Tom Bossert, a White House staffer for the Trump administration, has claimed that the DPRK, better known as North Korea, was behind the WannaCry cyberattack, and “will be held accountable.” In the accusatory post in the Wall Street Journal, he claimed that “after careful investigation, the U.S. [yesterday] publicly attributed the massive “WannaCry” cyberattack to North Korea."
The White House Homeland Security adviser claimed that the accusations were “based on evidence”, however, he failed to name a particular organisation or person affiliated with the North Korean government for the attack. Bossert said that the U.S. was not the only party to put the blame for WannaCry on North Korea. In the op-ed he wrote:
“Other governments and private companies agree. The United Kingdom attributes the attack to North Korea, and Microsoft traced the attack to cyber affiliates of the North Korean government.”
In July, in the months after the WannaCry attack, Cyence, a risk-modelling firm estimated that there was a cumulative loss of $8 billion. In total, 300,000 computers in 150 countries were affected, with a notable case being the NHS which was still running old software after it ignored calls for action to upgrade its computers.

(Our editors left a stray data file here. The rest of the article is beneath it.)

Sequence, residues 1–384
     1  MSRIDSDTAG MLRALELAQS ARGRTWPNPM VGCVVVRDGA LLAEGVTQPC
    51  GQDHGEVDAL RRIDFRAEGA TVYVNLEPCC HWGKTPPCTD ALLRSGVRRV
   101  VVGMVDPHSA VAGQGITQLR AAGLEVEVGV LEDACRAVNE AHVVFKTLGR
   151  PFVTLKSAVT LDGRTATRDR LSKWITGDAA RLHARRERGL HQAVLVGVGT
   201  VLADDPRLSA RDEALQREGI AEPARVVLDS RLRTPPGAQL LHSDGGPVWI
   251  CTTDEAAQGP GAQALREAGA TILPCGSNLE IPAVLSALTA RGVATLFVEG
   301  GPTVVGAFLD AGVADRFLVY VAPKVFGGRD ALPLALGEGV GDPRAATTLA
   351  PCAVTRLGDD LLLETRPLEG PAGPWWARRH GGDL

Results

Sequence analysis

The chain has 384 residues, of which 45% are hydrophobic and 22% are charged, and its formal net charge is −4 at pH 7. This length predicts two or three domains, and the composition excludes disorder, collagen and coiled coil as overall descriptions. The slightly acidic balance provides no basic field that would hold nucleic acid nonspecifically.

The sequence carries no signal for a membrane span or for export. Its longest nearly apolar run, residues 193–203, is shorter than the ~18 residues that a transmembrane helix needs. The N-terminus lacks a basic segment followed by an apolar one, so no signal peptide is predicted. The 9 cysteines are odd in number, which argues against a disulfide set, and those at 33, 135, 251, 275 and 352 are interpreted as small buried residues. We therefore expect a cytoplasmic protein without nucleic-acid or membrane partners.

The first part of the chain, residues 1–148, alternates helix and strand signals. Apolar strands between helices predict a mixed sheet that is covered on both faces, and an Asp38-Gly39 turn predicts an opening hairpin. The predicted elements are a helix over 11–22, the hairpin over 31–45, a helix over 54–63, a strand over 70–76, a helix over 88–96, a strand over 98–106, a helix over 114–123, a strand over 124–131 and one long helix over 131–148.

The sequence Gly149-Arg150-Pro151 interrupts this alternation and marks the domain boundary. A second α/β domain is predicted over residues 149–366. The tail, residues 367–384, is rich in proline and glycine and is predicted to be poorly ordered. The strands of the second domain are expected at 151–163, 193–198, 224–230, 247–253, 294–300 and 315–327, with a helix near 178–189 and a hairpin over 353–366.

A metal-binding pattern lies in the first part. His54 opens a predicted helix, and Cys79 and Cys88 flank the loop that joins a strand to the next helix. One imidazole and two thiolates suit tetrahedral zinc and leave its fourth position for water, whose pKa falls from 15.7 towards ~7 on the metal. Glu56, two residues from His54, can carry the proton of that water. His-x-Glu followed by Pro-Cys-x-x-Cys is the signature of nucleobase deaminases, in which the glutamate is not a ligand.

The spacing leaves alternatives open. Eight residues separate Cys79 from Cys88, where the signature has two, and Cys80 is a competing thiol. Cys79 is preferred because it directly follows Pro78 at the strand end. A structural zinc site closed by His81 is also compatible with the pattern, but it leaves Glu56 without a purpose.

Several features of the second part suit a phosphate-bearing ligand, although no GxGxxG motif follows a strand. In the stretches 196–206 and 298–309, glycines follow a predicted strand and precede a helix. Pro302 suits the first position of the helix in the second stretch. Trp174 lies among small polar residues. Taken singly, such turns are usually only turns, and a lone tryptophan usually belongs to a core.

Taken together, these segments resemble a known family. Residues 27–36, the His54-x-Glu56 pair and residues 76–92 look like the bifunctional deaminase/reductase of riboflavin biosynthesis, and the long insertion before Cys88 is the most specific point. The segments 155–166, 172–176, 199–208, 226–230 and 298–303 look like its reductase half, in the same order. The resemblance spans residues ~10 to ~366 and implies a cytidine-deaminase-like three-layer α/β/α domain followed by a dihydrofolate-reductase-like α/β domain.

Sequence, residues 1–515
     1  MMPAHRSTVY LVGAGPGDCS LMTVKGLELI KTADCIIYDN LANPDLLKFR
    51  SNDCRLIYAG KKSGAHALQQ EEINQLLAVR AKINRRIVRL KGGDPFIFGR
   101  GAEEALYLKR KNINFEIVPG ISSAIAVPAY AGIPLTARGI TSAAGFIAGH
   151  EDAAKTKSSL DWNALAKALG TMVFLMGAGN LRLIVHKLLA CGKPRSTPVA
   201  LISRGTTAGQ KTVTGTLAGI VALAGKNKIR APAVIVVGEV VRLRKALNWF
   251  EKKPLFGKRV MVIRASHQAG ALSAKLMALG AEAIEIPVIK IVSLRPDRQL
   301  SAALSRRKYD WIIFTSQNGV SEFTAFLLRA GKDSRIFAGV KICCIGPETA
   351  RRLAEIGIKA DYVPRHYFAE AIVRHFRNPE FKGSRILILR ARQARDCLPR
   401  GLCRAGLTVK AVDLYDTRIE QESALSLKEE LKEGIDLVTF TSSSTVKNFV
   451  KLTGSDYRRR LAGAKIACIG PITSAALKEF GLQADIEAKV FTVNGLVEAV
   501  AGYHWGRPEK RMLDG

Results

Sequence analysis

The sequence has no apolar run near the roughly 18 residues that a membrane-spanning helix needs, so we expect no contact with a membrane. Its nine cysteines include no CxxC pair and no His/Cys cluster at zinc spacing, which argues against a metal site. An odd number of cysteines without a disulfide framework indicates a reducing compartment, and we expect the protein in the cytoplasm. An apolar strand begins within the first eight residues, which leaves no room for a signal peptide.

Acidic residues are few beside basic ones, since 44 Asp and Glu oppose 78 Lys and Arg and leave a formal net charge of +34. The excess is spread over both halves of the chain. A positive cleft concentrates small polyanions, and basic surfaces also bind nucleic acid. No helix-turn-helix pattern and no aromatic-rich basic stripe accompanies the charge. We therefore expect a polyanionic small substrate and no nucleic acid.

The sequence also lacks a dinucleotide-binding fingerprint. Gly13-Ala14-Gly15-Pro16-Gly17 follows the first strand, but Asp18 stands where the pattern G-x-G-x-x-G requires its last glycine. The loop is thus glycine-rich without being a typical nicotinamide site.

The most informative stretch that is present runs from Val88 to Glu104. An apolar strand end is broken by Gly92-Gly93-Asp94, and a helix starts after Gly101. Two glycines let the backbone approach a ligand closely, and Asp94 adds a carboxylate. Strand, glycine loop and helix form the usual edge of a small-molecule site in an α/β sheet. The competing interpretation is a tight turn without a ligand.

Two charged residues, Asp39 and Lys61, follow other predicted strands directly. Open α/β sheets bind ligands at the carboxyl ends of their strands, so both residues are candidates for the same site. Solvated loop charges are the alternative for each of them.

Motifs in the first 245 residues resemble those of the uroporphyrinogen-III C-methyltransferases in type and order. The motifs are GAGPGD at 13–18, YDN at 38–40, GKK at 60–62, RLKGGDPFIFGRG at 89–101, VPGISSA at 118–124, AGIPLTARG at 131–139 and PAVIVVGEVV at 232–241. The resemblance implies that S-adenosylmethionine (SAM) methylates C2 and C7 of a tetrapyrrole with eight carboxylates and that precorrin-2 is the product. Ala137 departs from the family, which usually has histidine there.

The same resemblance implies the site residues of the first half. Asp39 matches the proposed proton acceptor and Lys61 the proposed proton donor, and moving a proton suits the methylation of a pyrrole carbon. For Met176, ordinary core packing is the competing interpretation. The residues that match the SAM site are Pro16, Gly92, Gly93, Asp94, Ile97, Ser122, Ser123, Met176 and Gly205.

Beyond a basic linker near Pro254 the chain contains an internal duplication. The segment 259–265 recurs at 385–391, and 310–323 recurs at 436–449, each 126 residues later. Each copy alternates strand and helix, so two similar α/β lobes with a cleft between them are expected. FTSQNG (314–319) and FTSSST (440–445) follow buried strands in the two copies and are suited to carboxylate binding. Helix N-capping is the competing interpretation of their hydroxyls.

Aside from discussing North Korea’s involvement with WannaCry, he also mentioned Kaspersky's software which has been in the news as of late due to the company’s alleged involvement, knowingly or not, in Russia’s alleged attempts to meddle in the U.S. Presidential elections.
Pertaining to Kaspersky, Bossert said:
“The Trump administration ordered the removal of all Kaspersky software from government systems. A company that could bring data back to Russia represents an unacceptable risk on federal networks.”
Allegations that North Korea are behind the WannaCry attack come at a time that Washington has been pressuring the country to stop its development of a nuclear weapon that would be capable of hitting anywhere in mainland America.